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Morgan Housel on What Other Industries Teach Us About Investing


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Great article. In my opinion he makes very compelling points: he gets demographics right, he gets power-dynamics right. I think he gets information sharing right as well but his arguments were a little kitschy there.

 

Thanks for posting this one.

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I am having breakfast with Morgan next Monday.  Let me know if you have any questions you would like answered.

 

Packer

 

Morgan must be familiar with Kurzweil's Law of Accelerating Returns (https://www.kurzweilai.net/the-law-of-accelerating-returns).

 

I'd be curious why he doesn't recognize accelerating technological change (https://en.wikipedia.org/wiki/Accelerating_change) as the *single* most important force?

 

Thanks.

 

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Taleb, in his 'Skin In The Game', cites the minority rule; that (as long as the incremental cost isn't onerous) all you need to control a majority is a vocal and active minority. The example used is halal product - and the reality that it's typically cheaper to make ALL your product halal, that maintain separate facilities. The same thing occurs with organic/non-organic, trans-fat/non trans-fat, etc.

 

You might want to ask him ;)

 

SD

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I am having breakfast with Morgan next Monday.  Let me know if you have any questions you would like answered.

 

Packer

 

Morgan must be familiar with Kurzweil's Law of Accelerating Returns (https://www.kurzweilai.net/the-law-of-accelerating-returns).

 

I'd be curious why he doesn't recognize accelerating technological change (https://en.wikipedia.org/wiki/Accelerating_change) as the *single* most important force?

 

Thanks.

 

Do you believe in accelerating technological change / singularity?

 

I think there are significant criticisms including but not limited to https://en.wikipedia.org/wiki/Accelerating_change#Criticisms

(Additional ones are slowdown/end of Moore's law which may in turn lead to slowdown/limited AI progress; very little progress with space exploration; very little progress with longevity/disease eradication; very little progress with air transportation. Though there are counter counter arguments too  8) )

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I do.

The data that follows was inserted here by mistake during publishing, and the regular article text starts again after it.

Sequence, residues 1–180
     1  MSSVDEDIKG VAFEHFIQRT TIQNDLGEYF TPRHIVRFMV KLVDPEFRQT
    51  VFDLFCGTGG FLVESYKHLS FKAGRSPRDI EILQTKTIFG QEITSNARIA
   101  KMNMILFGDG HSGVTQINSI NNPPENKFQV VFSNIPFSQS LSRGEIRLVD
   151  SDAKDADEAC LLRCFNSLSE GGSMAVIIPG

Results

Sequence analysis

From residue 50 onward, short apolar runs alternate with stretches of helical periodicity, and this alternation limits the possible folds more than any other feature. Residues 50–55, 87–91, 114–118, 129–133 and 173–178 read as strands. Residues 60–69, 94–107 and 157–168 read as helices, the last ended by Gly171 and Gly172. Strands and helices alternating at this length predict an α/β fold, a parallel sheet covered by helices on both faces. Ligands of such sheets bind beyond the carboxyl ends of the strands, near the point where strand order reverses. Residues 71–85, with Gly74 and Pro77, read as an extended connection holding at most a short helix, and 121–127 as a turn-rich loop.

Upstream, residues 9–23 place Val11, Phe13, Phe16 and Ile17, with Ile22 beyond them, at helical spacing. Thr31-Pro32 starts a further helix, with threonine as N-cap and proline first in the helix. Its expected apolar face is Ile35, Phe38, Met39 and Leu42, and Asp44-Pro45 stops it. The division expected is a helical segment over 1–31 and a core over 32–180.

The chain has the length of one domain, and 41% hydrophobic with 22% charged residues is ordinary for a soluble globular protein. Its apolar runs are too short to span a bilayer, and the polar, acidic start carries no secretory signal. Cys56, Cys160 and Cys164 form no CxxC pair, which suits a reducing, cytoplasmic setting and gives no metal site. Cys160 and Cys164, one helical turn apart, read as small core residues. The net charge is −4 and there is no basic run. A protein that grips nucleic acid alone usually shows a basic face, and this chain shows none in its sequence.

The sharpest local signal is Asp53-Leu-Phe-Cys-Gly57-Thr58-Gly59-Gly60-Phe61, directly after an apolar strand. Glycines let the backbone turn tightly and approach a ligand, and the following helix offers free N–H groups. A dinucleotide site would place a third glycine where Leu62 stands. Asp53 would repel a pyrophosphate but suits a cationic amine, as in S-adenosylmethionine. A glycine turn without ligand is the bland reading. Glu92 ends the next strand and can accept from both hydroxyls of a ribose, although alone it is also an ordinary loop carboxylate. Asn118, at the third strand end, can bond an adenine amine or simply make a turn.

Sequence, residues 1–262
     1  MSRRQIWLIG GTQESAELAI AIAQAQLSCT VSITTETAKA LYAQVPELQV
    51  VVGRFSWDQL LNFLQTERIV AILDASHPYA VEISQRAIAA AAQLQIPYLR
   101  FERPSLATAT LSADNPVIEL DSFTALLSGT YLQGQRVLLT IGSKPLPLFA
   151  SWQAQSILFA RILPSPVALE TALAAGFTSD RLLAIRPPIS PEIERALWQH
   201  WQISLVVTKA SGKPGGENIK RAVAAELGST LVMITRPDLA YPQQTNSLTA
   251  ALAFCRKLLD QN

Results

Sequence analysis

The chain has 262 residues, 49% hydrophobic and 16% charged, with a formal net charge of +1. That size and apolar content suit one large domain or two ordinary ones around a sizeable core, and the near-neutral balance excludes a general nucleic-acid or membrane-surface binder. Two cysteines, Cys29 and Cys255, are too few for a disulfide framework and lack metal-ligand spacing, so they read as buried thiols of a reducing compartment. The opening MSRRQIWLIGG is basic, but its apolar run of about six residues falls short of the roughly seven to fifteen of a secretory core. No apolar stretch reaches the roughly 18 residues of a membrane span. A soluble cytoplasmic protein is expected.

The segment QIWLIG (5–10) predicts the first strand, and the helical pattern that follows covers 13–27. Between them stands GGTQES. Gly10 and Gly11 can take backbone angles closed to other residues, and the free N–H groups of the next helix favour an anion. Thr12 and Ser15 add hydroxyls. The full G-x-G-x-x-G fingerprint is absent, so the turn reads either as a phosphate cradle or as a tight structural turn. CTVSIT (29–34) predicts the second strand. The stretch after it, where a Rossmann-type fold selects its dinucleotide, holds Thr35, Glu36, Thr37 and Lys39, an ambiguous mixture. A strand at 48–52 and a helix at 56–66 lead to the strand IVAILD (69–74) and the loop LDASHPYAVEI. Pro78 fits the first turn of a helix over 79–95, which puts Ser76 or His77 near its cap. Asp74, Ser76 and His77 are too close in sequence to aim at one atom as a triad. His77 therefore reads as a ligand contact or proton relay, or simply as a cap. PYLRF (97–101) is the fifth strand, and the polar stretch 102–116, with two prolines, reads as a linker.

But Housel needn't, for he does believe in Connections: Every current event – big or small – has parents, grandparents, great grandparents, siblings, and cousins.

 

I'm curious why he doesn't recognize the second collorary Burke does:

 

If history progresses because of the synergistic interaction of past events and innovations, then as history does progress, the number of these events and innovations increases. This increase in possible connections causes the process of innovation to not only continue, but to accelerate.

 

https://en.wikipedia.org/wiki/Accelerating_change#James_Burke's_Connections

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I am having breakfast with Morgan next Monday.  Let me know if you have any questions you would like answered.

 

Packer

 

Morgan must be familiar with Kurzweil's Law of Accelerating Returns (https://www.kurzweilai.net/the-law-of-accelerating-returns).

 

I'd be curious why he doesn't recognize accelerating technological change (https://en.wikipedia.org/wiki/Accelerating_change) as the *single* most important force?

 

Thanks.

 

I would say we have seen a huge deceleration of technological progress. 1960-2019 we saw smart phones, computers and internet. 1870-1930 you would have seen railways, automobile, telephone, electricity, light bulb, Steel (Bessemer process), petroleum as a fuel, Fertilizers, cheap textiles.

 

In some ways its kind of shocking...invention should be much easier today now that billions of people are rich and educated and have ridiculous access to all the information they need. Also there is huge amounts of government funding. Contrast this with the 19th century and its pretty amazing how much more people were able to accomplish despite vastly greater obstacles. Edison barely went to school. Faraday is a similar story.

 

My view is that this is connected with a massive increase in bureaucracy throughout our society. Interestingly computers have massively increased the ability of bureaucracies to increase their power and scope. Everything I see points to this trend getting worse. The size of government is one obvious indicator of this but bureaucracies are increasing even in corporations and universities. We are a culture in decline and this isn't unprecedented. This exact thing has happened repeatedly in human history.

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In some ways its kind of shocking...invention should be much easier today now that billions of people are rich and educated and have ridiculous access to all the information they need

 

One other explanation (or contributing factor) is that the low-hanging fruit has all been plucked.

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One really interesting thing is: what's gonna happen when Earth's population levels off and starts declining? A lot of economic theories are based on growth and a lot of growth is based on population growth. Overcoming population drop drag is not going to be easy. Perpetual recession might be bearish exaggeration - we'll have to see.

 

Unfortunately, we might see other drastic changes first, so we might not get to witness pure population crest without other confounding factors.

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